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ficci_gss_2019_making_india_skill_capitalPlenary session on “Perspectives on career guidance” followed that CEO Panel discussion. Keynote address for the session was given by Prof. Dinesh Singh. The session was chaired and moderated by Ms. Sunita Sanghi. Panellists present for the discussion were Ms. Anuradha Prasad, Dr. Harsh Singh, Ms. Suman Sachdeva, Mr. Ajay Lalwani, Mr. Sanjib Kumar Rout, Mr. K V Praveen Raju, Ms Ravneet Pawha and Ms. Pervin Malhotra. Panellists put forward that emerging technologies are changing the nature of work culture. The concept of a permanent job is fading and will soon disappear. Earlier, when someone asked for career guidance, one could easily name a few. But now this is difficult as careers change, the nature and the type of work is fast changing. Therefore, there is a need for the youth and children to be well-versed with transferable skills like flexibility, adaptability, continuous learning etc. Since there is enormous amount information out there, one must focus on managing such information, decision-making and zeroing upon a career choice that is best suitable for them.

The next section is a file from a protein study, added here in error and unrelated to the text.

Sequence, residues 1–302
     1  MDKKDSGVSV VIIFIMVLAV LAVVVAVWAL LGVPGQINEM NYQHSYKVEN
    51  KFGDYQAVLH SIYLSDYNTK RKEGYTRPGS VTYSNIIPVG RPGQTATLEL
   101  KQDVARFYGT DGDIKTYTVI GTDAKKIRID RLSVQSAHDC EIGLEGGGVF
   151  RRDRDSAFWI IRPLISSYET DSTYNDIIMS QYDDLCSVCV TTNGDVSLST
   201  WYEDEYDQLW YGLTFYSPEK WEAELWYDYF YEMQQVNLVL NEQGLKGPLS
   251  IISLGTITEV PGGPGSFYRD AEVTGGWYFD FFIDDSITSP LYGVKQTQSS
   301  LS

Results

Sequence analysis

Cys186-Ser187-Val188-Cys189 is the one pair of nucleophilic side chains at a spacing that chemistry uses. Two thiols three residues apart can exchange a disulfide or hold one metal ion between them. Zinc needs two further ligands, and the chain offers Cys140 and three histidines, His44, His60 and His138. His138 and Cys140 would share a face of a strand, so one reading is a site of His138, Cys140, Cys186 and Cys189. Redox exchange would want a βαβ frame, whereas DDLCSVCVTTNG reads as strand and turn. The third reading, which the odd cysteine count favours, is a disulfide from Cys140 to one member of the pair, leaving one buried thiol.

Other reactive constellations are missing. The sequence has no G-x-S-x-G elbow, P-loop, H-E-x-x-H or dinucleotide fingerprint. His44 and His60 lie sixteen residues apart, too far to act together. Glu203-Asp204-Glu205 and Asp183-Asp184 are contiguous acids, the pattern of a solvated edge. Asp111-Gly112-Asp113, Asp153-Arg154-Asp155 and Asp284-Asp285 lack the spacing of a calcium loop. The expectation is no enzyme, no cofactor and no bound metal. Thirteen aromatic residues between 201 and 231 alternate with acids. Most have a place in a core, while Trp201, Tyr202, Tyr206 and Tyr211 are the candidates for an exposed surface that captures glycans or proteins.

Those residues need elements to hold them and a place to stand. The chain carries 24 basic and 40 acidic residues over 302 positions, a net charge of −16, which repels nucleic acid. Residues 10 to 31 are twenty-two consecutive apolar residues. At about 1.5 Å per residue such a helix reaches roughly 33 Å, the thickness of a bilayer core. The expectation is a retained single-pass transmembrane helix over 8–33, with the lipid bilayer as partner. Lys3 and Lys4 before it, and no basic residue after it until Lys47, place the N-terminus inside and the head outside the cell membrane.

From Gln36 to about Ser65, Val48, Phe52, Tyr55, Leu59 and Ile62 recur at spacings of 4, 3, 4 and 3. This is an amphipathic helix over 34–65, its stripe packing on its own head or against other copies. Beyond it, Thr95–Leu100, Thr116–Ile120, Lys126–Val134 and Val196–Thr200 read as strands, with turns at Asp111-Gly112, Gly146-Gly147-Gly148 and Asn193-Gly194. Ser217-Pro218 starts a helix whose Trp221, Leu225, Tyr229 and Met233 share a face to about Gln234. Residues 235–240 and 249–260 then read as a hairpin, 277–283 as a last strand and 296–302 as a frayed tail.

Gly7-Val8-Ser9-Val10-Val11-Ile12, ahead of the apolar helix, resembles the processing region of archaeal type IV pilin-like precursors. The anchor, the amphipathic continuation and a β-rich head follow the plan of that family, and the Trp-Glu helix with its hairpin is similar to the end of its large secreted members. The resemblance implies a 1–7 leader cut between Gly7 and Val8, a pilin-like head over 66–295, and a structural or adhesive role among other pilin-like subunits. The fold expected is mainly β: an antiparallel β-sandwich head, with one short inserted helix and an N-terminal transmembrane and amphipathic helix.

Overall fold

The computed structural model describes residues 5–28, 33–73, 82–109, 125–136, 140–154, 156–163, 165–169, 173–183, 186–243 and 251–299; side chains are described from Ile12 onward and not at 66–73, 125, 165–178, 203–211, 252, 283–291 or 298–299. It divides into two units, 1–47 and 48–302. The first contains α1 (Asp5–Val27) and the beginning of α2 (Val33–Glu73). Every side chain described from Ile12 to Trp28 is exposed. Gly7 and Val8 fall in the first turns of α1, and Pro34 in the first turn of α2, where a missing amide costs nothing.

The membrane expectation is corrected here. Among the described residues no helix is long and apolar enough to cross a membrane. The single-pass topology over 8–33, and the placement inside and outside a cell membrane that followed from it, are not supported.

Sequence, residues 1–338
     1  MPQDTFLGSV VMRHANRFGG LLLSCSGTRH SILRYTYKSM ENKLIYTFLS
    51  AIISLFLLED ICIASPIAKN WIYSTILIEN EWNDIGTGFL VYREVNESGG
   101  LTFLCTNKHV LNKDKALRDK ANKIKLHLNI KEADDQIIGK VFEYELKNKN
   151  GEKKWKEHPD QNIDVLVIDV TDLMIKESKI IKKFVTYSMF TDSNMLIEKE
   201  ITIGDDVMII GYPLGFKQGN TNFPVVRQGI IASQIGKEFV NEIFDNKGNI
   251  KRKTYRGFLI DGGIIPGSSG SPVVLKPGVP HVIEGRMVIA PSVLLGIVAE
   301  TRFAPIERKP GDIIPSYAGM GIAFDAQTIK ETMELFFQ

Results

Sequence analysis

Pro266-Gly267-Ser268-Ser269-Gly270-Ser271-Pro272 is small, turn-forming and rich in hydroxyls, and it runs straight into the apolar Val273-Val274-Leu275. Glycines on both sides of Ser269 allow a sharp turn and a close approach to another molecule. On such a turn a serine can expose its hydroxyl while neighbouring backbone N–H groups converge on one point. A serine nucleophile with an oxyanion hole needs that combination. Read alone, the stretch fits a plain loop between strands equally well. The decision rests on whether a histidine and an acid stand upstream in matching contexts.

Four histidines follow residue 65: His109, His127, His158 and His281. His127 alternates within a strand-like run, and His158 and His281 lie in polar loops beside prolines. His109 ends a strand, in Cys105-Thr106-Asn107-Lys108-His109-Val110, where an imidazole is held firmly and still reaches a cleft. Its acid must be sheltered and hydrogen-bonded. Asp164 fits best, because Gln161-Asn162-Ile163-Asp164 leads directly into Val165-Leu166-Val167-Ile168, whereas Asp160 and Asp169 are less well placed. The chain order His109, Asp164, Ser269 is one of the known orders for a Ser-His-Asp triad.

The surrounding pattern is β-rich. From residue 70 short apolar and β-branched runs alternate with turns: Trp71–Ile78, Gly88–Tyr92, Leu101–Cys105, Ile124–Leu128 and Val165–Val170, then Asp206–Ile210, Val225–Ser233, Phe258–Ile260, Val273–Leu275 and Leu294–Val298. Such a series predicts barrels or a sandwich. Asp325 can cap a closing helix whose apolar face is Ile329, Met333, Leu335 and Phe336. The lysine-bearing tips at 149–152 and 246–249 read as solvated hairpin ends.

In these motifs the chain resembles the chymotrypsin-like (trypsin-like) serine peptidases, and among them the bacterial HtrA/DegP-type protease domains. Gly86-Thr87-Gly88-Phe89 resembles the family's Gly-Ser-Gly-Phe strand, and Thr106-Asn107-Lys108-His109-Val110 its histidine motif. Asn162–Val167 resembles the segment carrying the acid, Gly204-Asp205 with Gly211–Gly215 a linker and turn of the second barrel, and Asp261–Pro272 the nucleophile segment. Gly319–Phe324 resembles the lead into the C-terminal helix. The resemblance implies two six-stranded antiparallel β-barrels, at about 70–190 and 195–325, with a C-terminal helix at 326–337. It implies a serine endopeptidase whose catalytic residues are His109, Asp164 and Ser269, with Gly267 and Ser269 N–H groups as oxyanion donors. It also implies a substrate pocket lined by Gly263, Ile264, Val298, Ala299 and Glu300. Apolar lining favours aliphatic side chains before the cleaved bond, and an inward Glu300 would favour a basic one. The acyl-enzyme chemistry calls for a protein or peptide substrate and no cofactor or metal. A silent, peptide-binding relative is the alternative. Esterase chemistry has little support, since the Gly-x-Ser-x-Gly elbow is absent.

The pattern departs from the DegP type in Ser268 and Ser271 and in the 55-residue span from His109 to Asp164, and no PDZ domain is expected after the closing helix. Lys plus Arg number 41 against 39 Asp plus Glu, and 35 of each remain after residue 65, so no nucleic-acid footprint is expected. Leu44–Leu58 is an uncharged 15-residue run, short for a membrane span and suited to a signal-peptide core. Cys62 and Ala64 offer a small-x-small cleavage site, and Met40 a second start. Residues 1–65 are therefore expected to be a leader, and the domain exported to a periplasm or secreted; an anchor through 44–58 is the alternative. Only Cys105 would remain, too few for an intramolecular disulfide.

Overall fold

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Plenary session was followed by a session on HR Mobility: Shifts in Global Labour Market. The session was chaired and moderated by Mr. Bijay Sahoo and the panelists were Dr. Amer Awadh Al Rawas, Mr. Vasudeva Nayak and Mr TLS Bhaskar. The session focussed upon changing global market scenarios, the widening skill gap and the growing demand for the ‘new-age’ skilled workforce. The panellists opined that emerging new technologies will disrupt the current global markets in bettering the employment formality, social security and also help the workforce gain mobility. Youth must not just be trained in technical skills but also in soft skills because it is the soft skills that help them in mobility i.e., to move across careers, expressed the panelists.